Residing in more walkable neighborhoods could protect against the risk of overall obesity-related cancers in female patients, according to a recent study published by India-Aldana et al in Environmental Health Perspectives.
Obesity has previously been linked to an increased risk of developing 13 types of cancer in female patients. However, physical activity—independent of body size—may lower the risk for some of these cancer types.
Neighborhood walkability is a set of urban design features that promotes pedestrian activity, supports overall physical activity, and may be associated with a lower body mass index. Individual-level interventions to increase physical activity and reduce obesity can be costly and may have only short-term effects.
“Urban design can create a context that promotes walking, increases overall physical activity, and reduces car dependency—which could lead to subsequent improvements in preventing diseases attributed to unhealthy weight,” explained co–study author Andrew Rundle, DrPH, Professor of Epidemiology at the Columbia University Mailman School of Public Health.
Until recently, long-term studies of neighborhood walkability and obesity-related cancer risk were limited.
Study Methods and Results
In this study, researchers recruited 14,272 female patients (aged 34–65) from 1985 to 1991. They then measured neighborhood walkability in the participant’s residential census-tract throughout the follow-up period—measured by the average destination accessibility and population density—and assessed the association between neighborhood walkability and the risk of overall and site-specific obesity-related cancers, including postmenopausal breast cancer, ovarian cancer, endometrial cancer, and multiple myeloma.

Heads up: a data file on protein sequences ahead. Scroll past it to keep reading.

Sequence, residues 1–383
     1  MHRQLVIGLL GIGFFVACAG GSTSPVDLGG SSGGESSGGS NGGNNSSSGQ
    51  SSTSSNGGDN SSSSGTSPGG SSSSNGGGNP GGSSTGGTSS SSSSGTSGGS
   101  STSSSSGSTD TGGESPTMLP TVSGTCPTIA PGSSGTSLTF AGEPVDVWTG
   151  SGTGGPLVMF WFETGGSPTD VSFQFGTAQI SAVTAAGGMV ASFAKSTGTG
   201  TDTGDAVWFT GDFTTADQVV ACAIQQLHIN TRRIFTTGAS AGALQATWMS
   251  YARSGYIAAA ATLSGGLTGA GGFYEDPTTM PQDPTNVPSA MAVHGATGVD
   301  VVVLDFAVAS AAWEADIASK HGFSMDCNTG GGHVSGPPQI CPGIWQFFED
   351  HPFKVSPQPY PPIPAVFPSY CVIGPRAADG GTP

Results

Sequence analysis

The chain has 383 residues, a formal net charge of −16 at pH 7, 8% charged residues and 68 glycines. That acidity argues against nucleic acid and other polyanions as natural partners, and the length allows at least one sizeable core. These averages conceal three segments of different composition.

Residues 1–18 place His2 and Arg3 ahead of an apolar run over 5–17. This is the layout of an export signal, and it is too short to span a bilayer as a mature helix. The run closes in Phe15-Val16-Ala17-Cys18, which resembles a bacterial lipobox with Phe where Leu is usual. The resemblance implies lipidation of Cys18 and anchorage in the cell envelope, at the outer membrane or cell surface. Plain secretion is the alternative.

Among the patients involved in the study, 18% had a first obesity-related cancer by the end of 2016—53% of whom had postmenopausal breast cancer, 14% of whom had colorectal cancer, and 12% of whom had endometrial cancer.
After 24 years of follow-up, the researchers found that the patients who resided in neighborhoods with higher walkability levels had a lower risk of developing obesity-related cancers, particularly postmenopausal breast cancer. However, moderate protective associations were also found for endometrial cancer, ovarian cancer, and multiple myeloma. Additionally, female patients who resided in areas with the highest levels of neighborhood walkability (the top 25% of walkability) had a 26% lower risk of developing obesity-related cancers compared with those who lived in neighborhoods in the lowest 25% of walkability.
“We further observed that the association between high neighborhood walkability and lower risk of overall obesity-related cancers was stronger for [female patients] living in neighborhoods with higher levels of poverty,” emphasized lead study author Sandra India-Aldana, PhD, of the Icahn School of Medicine at Mount Sinai. “These findings suggest that neighborhood social and economic environments are also relevant to risk of developing obesity-related cancers,” she added.
“Our study is unique in that the long-term follow-up allowed us to study effects of walkability with potential long latency periods of cancer, and we were able to measure neighborhood walkability as the participants moved residences around the country during follow-up,” highlighted senior study author Yu Chen, PhD, of the New York University Grossman School of Medicine.
“These results contribute to the growing evidence of how urban design affects the health and well-being in aging populations,” Dr. Rundle concluded.
Disclosure: The research in this study was supported by grants from the National Institutes of Health. For full disclosures of the study authors, visit ehp.niehs.nih.gov.The content in this post has not been reviewed by the American Society of Clinical Oncology, Inc. (ASCO®) and does not necessarily reflect the ideas and opinions of ASCO®.